IT’S NOT THE SYSTEM OR PROCEDURES, IT’S PEOPLE. MINDTALITY ASSESSES THEN SPECIFIES A PROGRAM OF VALUES CHANGE AND RESHUFFLING.
Many attempts at quality improvement take longer than expected or fail to reap the intended rewards:
1. Hendricks, Singhal, 2001b – Mgt Sc j v 47(3) pp359-368
2. Sousa & Voss, 2002 -J of Oper Mg t v 20(1) pp 91-109
3. Schroeder, Linderman, & Zhang, 2005 – Oper Mgt
A common reason given for failure is that organizational cultural values are incompatible with the values underlying quality management.
1. Bright & Cooper, (1993). J Mana’L Psych , 8(6), 21-27.
2. Detert, Schroeder, & Mauriel (2000). 25(4), 850-863.
3. Jabnoun & Sedran (2005). The Qual Mgt J , 12(4), 8-21.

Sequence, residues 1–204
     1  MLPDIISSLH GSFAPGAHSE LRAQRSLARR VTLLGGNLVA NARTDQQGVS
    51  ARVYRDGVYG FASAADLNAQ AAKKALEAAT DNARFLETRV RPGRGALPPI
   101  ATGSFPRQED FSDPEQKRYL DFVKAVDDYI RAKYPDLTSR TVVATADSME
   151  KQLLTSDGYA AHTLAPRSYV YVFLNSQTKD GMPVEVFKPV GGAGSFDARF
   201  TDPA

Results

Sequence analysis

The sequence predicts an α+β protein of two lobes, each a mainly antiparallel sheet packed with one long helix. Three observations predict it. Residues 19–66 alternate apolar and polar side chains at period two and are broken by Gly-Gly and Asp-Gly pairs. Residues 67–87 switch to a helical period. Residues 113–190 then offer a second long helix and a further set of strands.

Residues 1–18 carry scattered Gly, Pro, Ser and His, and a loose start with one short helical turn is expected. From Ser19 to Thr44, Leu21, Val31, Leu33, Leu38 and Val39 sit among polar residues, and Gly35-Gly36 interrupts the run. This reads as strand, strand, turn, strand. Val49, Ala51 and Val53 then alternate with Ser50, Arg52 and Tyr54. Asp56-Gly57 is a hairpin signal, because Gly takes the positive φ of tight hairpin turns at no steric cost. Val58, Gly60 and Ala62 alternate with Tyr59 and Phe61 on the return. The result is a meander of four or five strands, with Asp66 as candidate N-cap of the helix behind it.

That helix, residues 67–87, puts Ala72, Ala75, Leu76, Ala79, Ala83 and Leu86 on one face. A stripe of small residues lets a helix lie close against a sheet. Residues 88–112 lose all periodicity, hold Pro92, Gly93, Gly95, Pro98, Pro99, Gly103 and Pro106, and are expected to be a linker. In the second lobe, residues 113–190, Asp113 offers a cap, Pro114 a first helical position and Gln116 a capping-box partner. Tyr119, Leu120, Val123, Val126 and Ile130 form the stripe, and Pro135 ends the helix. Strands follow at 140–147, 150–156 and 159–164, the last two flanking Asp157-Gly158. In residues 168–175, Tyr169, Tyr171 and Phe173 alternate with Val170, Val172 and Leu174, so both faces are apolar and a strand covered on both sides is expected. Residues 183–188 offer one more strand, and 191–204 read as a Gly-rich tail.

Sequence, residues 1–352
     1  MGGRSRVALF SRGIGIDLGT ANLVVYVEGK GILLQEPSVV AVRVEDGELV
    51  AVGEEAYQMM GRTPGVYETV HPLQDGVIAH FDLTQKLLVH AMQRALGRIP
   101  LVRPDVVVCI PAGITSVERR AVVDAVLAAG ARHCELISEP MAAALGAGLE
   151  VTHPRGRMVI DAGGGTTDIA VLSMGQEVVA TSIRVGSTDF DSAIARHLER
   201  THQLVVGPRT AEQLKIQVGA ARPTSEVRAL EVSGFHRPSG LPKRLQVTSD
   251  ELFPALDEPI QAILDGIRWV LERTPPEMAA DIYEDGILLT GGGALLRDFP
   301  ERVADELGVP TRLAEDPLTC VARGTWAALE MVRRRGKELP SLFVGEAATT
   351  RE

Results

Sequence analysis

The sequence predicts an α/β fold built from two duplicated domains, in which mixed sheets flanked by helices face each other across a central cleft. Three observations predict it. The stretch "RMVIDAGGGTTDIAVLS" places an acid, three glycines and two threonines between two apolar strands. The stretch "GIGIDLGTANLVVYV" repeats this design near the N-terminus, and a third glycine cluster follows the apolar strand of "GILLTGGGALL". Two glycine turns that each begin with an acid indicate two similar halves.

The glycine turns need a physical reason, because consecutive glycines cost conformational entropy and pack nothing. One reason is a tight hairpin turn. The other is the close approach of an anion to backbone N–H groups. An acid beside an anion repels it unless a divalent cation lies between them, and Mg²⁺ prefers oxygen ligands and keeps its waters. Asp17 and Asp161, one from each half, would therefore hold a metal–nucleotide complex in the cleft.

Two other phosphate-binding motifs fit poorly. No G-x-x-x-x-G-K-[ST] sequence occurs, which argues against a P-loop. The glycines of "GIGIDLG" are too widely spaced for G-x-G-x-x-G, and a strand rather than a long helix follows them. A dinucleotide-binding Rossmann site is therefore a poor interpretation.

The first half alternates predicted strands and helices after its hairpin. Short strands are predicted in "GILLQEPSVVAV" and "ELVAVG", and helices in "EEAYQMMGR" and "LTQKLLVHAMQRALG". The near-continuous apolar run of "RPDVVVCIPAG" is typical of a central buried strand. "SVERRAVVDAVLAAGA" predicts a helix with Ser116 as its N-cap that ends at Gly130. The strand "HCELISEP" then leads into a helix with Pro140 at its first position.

That is, employees may resist a quality initiative because it conflicts with the prevailing “way things are done.” In particular, “soft” quality practices – like employee empowerment, cross-functional teams and customer focus – are highly susceptible to cultural influences (Zhao, Flynn, & Roth, 2007). Because cultural values affect how people perceive the world (Schein, 2004) and strongly influence norms of behavior (Dewey, 1939), practices that contradict prevailing cultural values are susceptible to employee rejection. Unsupportive organizational culture has been identified as a deterrent to effecting change in organizations (McDermott & Stock, 1999). For example, General Motors had attempted to expand lean manufacturing practices via its NUMMI and Saturn operations with limited success due to the impediments imposed by GM’s culture (Inkpen, 2005). The literature associates successful implementation of quality management practices with cooperative values (Detert et al., 2000; Detert, Schroeder, & Cudeck, 2003; Kujala & Lillrank, 2004); what remains unclear is how quality practices interrelate with cooperative values.
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